If you’re willing, empower your developers to just Make It. I’ve worked with some great developers who knew that thing could pulse when you mouse over it, and I happened not to think of it. They just did it, and showed me, and I jumped up and down with delight. Just remember to encourage communication loops; surprises are a bad thing.
If you have a deadline, or if you are on an agile schedule, treat the details like a constant improvement. Do as many as you can before you push, and then queue up a list of new things. Always be adding to the list, always be improving. I’m an Agile fan, so this comes easy to us. Waterfall shops will have a little more trouble with that, since it’s often “get it perfect before you hand it off and then don’t even think of changing it”. However, even in a waterfall world, you can build relationships with the people downstream and upstream, and make judgement calls. What doesn’t increase scope too much goes in, what does goes on a list for the next rev.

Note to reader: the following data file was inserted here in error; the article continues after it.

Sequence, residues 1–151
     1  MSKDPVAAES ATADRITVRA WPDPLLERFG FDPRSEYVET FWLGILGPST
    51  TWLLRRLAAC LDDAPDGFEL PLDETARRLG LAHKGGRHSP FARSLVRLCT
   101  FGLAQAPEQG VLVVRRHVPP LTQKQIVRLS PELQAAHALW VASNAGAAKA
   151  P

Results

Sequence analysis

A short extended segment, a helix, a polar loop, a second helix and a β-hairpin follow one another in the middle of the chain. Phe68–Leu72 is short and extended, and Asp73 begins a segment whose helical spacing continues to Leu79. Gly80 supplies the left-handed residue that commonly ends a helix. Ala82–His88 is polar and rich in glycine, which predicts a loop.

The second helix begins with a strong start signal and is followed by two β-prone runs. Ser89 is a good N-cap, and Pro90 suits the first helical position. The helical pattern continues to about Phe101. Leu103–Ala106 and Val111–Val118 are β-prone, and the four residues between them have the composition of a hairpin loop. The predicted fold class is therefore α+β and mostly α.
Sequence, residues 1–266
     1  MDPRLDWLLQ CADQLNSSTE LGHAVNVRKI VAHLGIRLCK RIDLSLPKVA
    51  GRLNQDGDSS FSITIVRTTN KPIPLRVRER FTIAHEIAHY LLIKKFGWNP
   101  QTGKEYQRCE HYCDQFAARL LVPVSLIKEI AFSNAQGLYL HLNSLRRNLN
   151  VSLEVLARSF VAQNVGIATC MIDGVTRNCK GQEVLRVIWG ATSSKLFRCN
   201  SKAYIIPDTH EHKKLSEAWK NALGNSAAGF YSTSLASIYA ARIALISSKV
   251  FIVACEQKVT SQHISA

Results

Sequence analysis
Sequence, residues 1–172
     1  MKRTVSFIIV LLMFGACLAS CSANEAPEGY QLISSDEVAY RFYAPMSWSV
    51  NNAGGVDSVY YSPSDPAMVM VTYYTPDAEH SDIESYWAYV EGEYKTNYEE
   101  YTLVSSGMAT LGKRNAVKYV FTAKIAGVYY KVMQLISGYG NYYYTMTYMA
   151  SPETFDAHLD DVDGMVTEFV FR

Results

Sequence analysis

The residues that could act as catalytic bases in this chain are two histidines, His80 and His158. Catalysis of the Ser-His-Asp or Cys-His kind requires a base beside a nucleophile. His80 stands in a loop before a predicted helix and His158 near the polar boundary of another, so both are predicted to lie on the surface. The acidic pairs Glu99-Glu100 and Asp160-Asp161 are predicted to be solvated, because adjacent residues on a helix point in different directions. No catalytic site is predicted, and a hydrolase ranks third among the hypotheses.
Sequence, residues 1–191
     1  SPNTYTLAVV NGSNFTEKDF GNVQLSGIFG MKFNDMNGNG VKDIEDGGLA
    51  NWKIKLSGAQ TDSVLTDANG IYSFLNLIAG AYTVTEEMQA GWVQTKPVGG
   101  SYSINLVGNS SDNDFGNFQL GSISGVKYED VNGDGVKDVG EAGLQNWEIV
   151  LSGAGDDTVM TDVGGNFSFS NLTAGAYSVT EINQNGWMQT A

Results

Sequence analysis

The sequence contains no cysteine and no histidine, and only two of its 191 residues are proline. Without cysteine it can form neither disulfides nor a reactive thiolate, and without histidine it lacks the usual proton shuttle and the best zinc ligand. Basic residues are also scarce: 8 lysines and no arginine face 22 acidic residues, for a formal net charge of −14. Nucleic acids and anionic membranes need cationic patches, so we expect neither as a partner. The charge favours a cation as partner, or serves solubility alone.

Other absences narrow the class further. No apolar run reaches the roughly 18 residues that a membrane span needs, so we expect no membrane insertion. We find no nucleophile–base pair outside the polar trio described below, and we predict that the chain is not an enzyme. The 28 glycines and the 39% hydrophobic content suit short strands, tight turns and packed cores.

Get started today
Go. Go now, my child! Look at your website, your app, your product. Break it down to every atom of form and function. Find a friend who’s anal-retentive and ask them to do the same thing. Find someone who’s good at describing things and ask them to describe to you how it looks, how it feels, how it behaves. And then make EVERYTHING better.
You can do it, I believe in you.
Today’s Interesting Link:
random.org – Random is hard. Like really, mathematically hard. Let these guys do it for you. They have so many fun toys, that you’ll find excuses for being random all the time. And that can’t be a bad thing.
Today’s Usability Quote:
“If it is something important, get a colleague to improve it.” – David Ogilvy on writing, but fits design
Today’s Music To Design To:
Cirque Du Soleil has so many good options. However, Dralion has everything I love – haunting vocals, varied tempos, and a wonderful mixture of exotic and familiar. You can’t go wrong with Cirque, and maybe it’ll even inspire you to get out of the office and go see them.